The speech is over, but the questions remain?

Presidential candidate Mitt Romney delivered his much anticipated “Faith in America” speech on December 6th at the George H.W. Bush Presidential Library.  I did not watch the speech, but have read the transcript found on the candidate’s website.

Let me first of all say that Romney will not receive my vote during the primary season.  However, barring some remarkable not yet unannounced third party candidate, I can assure you that he will receive my vote in the November 2008 general election, should he become the Republican nominee.  In spite of any doubts or reservations I have about the man, he is far better than any of the Democrat candidates contending for that party’s nomination.  And to stay on the sidelines of the 2008 presidential election because a perfect candidate on all litmus test issues is not on the ticket (as some evangelicals are promising vis a vis the pro-life vs. pro-choice issue) seems highly irresponsible given the broader range of issues that face our nation.  But that is the subject of another post for another time.  

In his speech, there were a couple of comments that Romney made that particularly caused me to pause and think about what he had said.  The first was this:

“I believe in my Mormon faith and I endeavor to live by it. My faith is the faith of my fathers – I will be true to them and to my beliefs.”

On one hand, I am glad to hear that he “believes what he believes” and that his goal is to “live by it.”  That is commendable.  It is a position of integrity that all people of faith, regardless what that faith is, should aspire to.  The troubling thing for me is the next part about Mormonism being the faith of his fathers and he will be true to them.  I have heard from people who have come out from the Mormon faith, that they are essentially exiled from relationships with family if they renounce their Mormonism.  So, it caused me to pause and consider what the underlying basis for Romney’s faithfulness to “his fathers” might be.  Is it fear of rejection by family, or has he fully examined the doctrine of his church, and made a decision that it is right for him, which coincidentally allows for faithfulness to his ancestors?  Does he feel any coercion to remain in his church based on the harsh practice of rejection?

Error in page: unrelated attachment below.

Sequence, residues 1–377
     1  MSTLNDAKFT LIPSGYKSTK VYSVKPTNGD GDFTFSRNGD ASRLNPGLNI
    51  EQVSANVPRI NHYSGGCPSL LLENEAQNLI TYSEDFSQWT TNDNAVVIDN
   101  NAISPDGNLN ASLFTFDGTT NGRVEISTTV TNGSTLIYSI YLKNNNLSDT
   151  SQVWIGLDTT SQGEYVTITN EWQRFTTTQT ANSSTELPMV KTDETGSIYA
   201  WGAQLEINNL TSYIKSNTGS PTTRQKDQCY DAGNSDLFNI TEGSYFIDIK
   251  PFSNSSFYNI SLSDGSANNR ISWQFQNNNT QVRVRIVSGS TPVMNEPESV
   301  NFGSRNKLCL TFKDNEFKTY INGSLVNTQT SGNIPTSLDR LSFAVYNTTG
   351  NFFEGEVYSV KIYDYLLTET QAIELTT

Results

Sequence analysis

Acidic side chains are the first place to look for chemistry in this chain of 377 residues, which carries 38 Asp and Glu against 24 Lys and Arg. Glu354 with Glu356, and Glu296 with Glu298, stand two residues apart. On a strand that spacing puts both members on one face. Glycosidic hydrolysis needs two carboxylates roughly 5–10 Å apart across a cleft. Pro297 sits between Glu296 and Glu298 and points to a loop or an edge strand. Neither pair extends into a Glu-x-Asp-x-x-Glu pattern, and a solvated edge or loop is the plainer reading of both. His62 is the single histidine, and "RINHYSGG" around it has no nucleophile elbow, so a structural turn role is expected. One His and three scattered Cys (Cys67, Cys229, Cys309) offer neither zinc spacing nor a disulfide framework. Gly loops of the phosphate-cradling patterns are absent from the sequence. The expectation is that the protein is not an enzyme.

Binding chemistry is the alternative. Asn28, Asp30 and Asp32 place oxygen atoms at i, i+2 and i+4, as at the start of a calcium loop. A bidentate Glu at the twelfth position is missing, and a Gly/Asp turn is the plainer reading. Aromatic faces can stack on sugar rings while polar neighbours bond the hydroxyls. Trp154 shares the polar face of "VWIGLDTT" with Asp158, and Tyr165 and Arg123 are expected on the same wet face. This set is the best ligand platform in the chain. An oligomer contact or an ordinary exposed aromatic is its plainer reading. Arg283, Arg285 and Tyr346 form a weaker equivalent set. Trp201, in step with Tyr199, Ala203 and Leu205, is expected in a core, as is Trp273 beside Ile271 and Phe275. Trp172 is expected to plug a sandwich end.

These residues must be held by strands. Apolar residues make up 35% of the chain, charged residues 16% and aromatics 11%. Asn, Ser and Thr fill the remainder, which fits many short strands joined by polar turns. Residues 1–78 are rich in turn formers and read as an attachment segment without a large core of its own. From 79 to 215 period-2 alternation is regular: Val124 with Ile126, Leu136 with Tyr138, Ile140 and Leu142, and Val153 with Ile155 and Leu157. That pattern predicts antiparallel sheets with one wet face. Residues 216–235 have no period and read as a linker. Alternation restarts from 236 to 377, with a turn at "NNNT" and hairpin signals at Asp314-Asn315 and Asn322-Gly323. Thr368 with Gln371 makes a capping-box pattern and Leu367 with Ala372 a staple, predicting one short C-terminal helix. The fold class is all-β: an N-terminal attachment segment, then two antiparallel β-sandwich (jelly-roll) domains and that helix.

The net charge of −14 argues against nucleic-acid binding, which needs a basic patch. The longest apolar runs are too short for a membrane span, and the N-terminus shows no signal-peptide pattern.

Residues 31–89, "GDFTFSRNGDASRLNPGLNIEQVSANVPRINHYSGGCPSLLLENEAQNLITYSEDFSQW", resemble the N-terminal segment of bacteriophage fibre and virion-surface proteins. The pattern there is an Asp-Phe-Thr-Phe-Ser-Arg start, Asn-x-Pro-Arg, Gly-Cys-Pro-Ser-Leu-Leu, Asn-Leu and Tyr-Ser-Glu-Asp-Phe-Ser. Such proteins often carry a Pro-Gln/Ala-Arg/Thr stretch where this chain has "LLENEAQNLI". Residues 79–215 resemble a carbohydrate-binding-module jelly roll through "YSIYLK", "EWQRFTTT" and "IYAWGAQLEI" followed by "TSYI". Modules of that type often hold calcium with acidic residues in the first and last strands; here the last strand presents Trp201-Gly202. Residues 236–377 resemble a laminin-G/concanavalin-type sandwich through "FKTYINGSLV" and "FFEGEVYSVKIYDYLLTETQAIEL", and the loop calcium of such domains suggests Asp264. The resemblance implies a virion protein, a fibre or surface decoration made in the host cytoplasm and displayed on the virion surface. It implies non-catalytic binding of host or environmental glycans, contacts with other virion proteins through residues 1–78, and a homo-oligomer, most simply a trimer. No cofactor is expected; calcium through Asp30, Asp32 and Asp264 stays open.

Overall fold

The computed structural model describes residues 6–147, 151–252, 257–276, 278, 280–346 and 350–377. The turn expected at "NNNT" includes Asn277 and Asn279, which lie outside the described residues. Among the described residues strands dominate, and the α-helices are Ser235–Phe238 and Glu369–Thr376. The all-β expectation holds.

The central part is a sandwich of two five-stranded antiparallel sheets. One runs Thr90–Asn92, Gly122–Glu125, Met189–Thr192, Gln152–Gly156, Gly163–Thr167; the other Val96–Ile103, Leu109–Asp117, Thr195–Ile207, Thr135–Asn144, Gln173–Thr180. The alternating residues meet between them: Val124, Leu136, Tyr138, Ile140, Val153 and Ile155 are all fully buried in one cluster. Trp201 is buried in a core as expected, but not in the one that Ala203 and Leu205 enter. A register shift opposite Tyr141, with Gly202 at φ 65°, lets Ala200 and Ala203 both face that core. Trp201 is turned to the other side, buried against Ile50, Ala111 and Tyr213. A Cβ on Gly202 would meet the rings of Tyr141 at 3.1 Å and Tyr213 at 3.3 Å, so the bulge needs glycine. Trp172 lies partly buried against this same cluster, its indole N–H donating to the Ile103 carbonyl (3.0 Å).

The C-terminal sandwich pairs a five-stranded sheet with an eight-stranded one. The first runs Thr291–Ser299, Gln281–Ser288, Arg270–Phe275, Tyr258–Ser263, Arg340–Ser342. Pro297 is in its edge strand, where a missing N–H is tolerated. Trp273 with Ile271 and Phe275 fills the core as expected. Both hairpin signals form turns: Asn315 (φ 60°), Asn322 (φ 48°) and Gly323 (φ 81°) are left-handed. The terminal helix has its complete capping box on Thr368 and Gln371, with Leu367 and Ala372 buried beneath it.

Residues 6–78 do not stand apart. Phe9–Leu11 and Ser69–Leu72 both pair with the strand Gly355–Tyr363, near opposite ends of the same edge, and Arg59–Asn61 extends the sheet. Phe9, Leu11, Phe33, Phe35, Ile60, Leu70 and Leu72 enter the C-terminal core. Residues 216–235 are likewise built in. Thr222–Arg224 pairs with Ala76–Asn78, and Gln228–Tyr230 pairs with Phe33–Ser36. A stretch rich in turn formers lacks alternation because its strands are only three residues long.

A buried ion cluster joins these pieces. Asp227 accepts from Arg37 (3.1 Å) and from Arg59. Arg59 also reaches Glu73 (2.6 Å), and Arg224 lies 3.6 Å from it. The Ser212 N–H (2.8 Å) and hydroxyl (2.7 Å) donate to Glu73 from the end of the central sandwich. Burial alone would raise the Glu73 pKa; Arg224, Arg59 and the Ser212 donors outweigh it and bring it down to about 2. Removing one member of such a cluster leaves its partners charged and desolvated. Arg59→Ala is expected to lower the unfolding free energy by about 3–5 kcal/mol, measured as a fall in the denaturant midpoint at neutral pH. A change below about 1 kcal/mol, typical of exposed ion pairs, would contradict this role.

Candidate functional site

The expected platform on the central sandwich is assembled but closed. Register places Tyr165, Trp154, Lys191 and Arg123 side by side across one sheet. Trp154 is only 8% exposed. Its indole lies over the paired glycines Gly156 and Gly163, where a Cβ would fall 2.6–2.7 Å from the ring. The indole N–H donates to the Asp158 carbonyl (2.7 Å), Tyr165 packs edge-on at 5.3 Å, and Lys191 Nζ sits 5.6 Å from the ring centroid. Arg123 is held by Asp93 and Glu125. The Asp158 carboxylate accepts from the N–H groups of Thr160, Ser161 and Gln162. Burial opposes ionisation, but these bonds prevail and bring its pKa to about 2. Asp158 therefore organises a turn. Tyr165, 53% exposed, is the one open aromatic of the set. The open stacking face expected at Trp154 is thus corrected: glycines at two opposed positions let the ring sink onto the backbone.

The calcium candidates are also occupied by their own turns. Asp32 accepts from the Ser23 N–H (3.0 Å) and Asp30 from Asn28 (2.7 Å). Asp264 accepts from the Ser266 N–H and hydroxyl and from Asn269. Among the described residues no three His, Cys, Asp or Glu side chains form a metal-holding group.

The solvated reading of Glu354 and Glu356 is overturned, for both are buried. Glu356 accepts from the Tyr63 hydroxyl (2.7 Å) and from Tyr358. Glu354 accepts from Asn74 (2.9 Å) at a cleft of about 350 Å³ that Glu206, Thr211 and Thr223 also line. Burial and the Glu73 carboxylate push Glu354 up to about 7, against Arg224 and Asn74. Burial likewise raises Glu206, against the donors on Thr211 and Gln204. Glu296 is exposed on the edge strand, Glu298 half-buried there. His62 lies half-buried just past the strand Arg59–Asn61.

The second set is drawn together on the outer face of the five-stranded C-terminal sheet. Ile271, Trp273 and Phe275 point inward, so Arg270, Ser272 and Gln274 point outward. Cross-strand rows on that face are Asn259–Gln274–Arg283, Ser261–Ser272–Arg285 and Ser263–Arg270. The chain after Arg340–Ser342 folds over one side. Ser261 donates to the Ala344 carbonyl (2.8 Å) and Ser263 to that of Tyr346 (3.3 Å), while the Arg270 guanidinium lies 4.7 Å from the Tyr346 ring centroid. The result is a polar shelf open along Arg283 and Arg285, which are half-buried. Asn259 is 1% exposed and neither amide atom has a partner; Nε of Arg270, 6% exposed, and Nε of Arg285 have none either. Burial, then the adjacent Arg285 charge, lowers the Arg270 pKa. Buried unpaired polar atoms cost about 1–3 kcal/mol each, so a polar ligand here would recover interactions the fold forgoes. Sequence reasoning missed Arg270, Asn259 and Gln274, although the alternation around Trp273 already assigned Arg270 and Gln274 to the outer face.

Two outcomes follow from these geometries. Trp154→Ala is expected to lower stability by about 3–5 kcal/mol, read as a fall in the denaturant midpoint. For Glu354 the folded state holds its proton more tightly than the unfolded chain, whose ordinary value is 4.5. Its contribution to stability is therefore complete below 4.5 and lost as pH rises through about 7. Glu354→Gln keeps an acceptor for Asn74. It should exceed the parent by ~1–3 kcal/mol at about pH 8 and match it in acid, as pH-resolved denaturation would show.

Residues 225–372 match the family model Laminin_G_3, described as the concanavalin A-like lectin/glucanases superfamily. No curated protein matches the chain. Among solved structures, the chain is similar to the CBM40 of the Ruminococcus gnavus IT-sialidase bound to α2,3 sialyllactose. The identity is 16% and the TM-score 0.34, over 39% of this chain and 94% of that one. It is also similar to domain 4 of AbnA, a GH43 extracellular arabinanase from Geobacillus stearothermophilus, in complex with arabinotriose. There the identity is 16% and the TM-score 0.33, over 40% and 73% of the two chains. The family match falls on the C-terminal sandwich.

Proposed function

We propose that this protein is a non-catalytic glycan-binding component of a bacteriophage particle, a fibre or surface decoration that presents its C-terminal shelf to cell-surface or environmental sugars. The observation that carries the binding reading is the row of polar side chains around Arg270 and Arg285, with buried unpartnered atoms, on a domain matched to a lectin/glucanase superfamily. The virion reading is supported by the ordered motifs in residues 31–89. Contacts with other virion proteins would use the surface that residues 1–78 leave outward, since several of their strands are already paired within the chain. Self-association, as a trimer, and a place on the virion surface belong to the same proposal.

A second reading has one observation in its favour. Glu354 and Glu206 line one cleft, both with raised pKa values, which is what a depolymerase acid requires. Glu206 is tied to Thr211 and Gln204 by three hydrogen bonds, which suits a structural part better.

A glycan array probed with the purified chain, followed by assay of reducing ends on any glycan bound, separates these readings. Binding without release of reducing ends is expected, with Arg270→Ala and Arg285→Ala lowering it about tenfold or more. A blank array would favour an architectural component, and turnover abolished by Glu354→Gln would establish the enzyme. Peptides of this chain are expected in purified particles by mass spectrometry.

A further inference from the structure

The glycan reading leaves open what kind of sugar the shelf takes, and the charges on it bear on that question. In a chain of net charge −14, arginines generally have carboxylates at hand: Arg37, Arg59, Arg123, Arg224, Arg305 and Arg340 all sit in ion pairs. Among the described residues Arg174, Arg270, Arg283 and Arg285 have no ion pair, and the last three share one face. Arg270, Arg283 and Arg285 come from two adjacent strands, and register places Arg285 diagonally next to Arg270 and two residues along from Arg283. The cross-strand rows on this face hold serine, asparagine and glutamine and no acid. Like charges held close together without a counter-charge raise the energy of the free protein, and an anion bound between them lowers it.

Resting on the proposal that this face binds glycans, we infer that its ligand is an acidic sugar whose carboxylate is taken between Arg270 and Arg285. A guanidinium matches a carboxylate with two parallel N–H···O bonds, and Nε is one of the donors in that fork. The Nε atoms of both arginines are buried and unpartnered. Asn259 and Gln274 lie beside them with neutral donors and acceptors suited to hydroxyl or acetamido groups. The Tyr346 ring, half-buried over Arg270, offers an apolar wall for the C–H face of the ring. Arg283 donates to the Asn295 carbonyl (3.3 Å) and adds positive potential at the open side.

The second thing Romney did that caused me pause was this.  In his speech, Romney avoided any discussion of doctrine and dismissed, as inappropriate, any future questions about doctrine, saying, the Constitution prohibits it.  But there was one section of the speech that really draws attention to the subject of doctrine.  And as for me, he created more questions than he provided answers by making this statement:

“There is one fundamental question about which I often am asked. What do I believe about Jesus Christ? I believe that Jesus Christ is the Son of God and the Savior of mankind. My church’s beliefs about Christ may not all be the same as those of other faiths. Each religion has its own unique doctrines and history.”

The first part of this comment would appear to make Romney a “Christian”.  But for those who only heard that line as a sound bite on radio or TV, you need to consider seriously the next line.  Romney goes on to say his church’s beliefs about Christ may be different from other faiths.  Talk about an understatement.  Here are just a few of the distinctives of the Mormon faith*:

God the Father, in His glorified physical body, had sexual intercourse with the Virgin Mary that resulted in the conception of the physical Christ.  (Mormon Doctrine, p. 547; Journal of Discourses, V.1, p. 51;  v.4, p. 218)

Christ, before his earthly ministry was the first spirit child born to the Heavenly Father and Mother.  (Mormon Doctrine, pp. 278, 589)

God the Father has Eternal Wives through whom spirit children have been and continue to be born.  (Mormon Doctrine, 1966, p. 516;  The Seer, Orson Pratt, p. 37, 158) 

Satan was originally the spirit brother of Christ.  (The Gospel Through the Ages, p. 15)

The Father, Son and Holy Spirit are three distinct gods.  (Teachings of The Prophet Joseph Smith, pp. 370, 372)

Christ’s blood shed on the cross only provides for the universal resurrection of all people and does not pay for personal sin.  (3rd Article of Faith; Journal of Discourses, V. 3, p. 247; Mormon Doctrine, pp. 62, 669)

Christ’s blood shed in the Garden of Gethsemane atones for most personal sin.  (Church News, Oct. 9, 1982, p. 19)

Romney is trying to attract the evangelical Christian vote.  He will need it in order to win the Republican nomination and the general election in November.  Is it any wonder that he would like to avoid specific questions about the doctrines of his church, particularly from evangelicals?  I predict he will dodge questions and refer frequently to this speech.  He has already set up the case that the Constitution forbids conversation about doctrine.  But the questions will dog him.  They may not be posed by the media, or by citizens in “town hall meetings.”  But the questions might be on the hearts and minds of people casting ballots in primaries over the next few months.

*Source:  Sandra Tanner
Utah Lighthouse Ministry
P. O. Box 1884
Salt Lake City, UT 84410


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